Plate of Stuffed Cabbager Rolls Ukraine
(click to enlarge)

Cabbage Rolls #2
Ukraine
  -   Holubtsi
Makes:
Effort:
Sched:
DoAhead:  
28 rolls  
***
2 hr  
Total

Good hearty peasant fare, filling and economical, these or similar rolls are sure to appear at any Ukrainian feast or party. This recipe is for a meat and rice filling, probably the most common. All meat, buckwheat, and other fillings are also used. Spinach and Sauerkraut leaves, and in the far south even Grape leaves are also used. This recipe reheats very well.





3
1-1/2
2
------
1
1-2/3
1
1
1
1/2
------
6
4
2
2
ar
------

T
T
---
c
c
#
#
t
t
----
oz
T
c
T

----
Cabbages (1)
Salt
Cider Vinegar
-- Stuffing
Rice, raw (3)
Water
Pork
Beef
Salt
Pepper
-- Sauce
Onion
Bacon Drippings (4)
Tomato sauce (5)
Tomato paste
Sauerkraut (opt. 6)
-- Serve with
Sour cream

Make   -   (2 hr - 1 hr work)
See Photo Gallery for method.
  1. Core CABBAGES. It is very important to remove the core completely so boiling water can get at the stem ends of the leaves, and for ease of stripping off the leaves.
  2. Bring plenty of water to a boil in a pot tall enough to completely submerge a Cabbage. Stir in Vinegar and Salt. Lower one of the Cabbages in (Carefully - see Note-2) and hold it down with a wooden spoon in the core hole for about 5 minutes. Swish it around a bit, and when the outer two leaves start to drift away, it's ready. With the burner still on high, hold the Cabbage steady with the wooden spoon. Take tongs and start peeling away the outermost leaves. Hold each by the stem, gently shaking it loose and lifting it out. Peel until the leaves are getting too small to stuff. Lift out the remaining cabbage and set it aside. Now do the other Cabbages. Keep the small and torn leaves and some of the water for cooking.
  3. Place each softened cabbage leaf outside up on your cutting board and shave the thick central rib thinner to make the leaf more flexible (see Photo Gallery).
  4. Partially cook RICE (see Note-3) and let cool.
  5. Grind PORK and BEEF well. Mix.
  6. Massage Rice, Salt and Pepper into the Meat mix until uniformly distributed.
  7. Place each leaf inside up, and place a gob of stuffing (be generous, this isn't hors d'oeuvres) near the stem end. Give it one turn, Fold the sides in and roll up. Keep chilled until ready to cook.
  8. Chop ONION fine. Fry in 4 T Bacon Drippings until translucent.
  9. Mix Tomato Sauce and Tomato Paste with the Onions. Bring to a simmer and check for seasoning and salt.
  10. Choose a cooking method (see Note-7, Method). Line the bottom of the chosen vessel with the small and torn Cabbage Leaves. Place a layer of Rolls fairly tightly (but not jammed) over the leaves. Sprinkle around some Sauerkraut (if using) and pour some of the Tomato Sauce over. Repeat until you run out of rolls. Top with more Cabbage Leaves (if you have any left). Cook per the method you have chosen.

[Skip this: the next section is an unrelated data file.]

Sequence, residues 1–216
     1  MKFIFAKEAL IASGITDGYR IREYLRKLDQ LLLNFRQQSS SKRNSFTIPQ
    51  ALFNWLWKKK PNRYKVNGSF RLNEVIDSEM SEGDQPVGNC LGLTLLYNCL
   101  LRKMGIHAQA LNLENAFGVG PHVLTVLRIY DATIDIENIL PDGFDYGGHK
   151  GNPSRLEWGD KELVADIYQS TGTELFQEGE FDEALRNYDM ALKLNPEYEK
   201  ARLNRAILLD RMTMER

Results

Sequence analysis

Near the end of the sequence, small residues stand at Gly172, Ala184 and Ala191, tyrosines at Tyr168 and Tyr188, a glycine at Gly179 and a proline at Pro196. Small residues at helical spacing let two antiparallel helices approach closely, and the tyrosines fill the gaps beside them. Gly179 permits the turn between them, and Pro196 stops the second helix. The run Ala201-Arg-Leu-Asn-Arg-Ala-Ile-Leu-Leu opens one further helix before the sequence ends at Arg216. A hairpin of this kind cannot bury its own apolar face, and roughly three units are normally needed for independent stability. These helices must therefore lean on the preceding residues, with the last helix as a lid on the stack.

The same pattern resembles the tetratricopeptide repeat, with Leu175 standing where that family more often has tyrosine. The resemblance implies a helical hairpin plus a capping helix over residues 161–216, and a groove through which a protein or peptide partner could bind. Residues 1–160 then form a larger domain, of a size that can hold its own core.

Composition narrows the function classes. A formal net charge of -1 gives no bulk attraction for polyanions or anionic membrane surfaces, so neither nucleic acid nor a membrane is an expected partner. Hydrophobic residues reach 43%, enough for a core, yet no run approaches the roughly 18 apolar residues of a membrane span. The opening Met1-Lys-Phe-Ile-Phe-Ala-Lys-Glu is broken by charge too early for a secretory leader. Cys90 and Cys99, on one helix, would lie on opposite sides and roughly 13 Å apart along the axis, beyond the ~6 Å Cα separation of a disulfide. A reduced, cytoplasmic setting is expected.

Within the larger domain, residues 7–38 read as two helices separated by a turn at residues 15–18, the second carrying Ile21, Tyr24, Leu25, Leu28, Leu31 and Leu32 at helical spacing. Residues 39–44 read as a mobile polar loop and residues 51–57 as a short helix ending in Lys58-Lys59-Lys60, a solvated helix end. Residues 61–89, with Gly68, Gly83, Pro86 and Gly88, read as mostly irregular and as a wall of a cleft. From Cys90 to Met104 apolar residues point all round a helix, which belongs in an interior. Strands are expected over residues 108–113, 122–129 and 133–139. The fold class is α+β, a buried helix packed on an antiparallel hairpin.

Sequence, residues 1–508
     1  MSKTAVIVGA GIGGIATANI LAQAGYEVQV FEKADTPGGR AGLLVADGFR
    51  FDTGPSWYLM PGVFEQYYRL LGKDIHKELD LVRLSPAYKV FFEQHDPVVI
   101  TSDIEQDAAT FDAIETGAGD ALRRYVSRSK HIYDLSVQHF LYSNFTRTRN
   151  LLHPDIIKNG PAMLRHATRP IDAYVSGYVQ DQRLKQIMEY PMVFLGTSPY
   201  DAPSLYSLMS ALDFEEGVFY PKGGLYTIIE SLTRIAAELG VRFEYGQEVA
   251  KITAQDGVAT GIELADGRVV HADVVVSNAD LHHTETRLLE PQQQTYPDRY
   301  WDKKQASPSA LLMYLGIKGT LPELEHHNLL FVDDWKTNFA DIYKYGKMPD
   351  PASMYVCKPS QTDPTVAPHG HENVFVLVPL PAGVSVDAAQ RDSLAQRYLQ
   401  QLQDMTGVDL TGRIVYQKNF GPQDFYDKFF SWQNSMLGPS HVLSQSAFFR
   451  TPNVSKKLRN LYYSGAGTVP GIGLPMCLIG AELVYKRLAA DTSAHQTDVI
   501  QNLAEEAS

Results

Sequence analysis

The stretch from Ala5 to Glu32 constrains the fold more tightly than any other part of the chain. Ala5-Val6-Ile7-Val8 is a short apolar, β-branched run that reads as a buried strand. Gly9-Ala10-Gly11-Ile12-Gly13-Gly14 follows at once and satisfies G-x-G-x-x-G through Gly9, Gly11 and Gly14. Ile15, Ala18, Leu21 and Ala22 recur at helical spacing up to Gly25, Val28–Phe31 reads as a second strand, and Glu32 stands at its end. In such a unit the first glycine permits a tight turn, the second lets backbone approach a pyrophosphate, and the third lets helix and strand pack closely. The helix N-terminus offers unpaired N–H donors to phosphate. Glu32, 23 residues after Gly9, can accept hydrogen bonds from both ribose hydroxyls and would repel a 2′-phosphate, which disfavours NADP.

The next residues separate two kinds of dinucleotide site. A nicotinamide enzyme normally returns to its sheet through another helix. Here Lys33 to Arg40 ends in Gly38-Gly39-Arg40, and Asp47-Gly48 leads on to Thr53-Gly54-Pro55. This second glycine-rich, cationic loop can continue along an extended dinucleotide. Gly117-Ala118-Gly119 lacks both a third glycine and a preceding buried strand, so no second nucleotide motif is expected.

11. Serve hot as desired, garnished with Sour Cream or with Sour Cream on the side. For buffet service, I have usually made them a bit ahead, and cut each roll in half before arranging in a smaller electric skillet. Half rolls are much easier to handle on party plates.
NOTES:
  1. Cabbage:   The pattern recipe calls for a 6 to 7 pound cabbage, but three 2-1/2 pound cabbages would work better, safer to handle with leaves of more even size. Three 2-1/2 pound cabbages will yield 30 to 36 stuffable leaves.
  2. Danger!   You've got a big pot of boiling water and you're dealing with a big, heavy, misbehaving lump of cabbage. Most methods ask you to remove the cabbage to peel the leaves. This is dangerous as the cabbage is very heavy coming out, and any slip results in a tsunami of scalding hot water. My method, described in the instructions, is far safer, as the cabbage is tiny by time it is taken out. It is also quicker and produces the best quality, evenly cooked leaves. Back when I followed other people's instructions, I used a strong skimmer purchased from a restaurant supply (see Photo Gallery) to lower the Cabbage in and lift it out, steadied with a wooden spoon.
  3. Rice:   Medium grain (California) rice is best for this. Start steaming as usual with about 2-2/3 cups of water per cup of rice. Cook until most water is absorbed but the rice is still a bit stiff in the center, but not crunchy. Drain and let cool.
  4. Bacon Drippings: For you young'uns unfamiliar with the terminology of your grandparents, this is fat rendered from bacon, in other words, smoked lard. Don't worry, it's nowhere near as unhealthy as the trans fats and polyunsaturated oils the Heart Association told you to use instead. For details see our Lard page.
  5. Tomato Sauce:   I use a simple "Spanish Style" sauce which is fairly liquid.
  6. Sauerkraut: This is optional according to taste. Drained (but not rinsed) sauerkraut is to be scattered over each layer. In Ukraine some folks use whole leaf sauerkraut as the wrapper rather than fresh cabbage. This is most common in older recipes from when cabbage was commonly fermented in the home.
  7. Method:   There are several ways you can cook the rolls.
  8. U.S. measure: t=teaspoon, T=Tablespoon, c=cup, qt=quart, oz=ounce, #=pound, cl=clove in=inch, ar=as required tt=to taste
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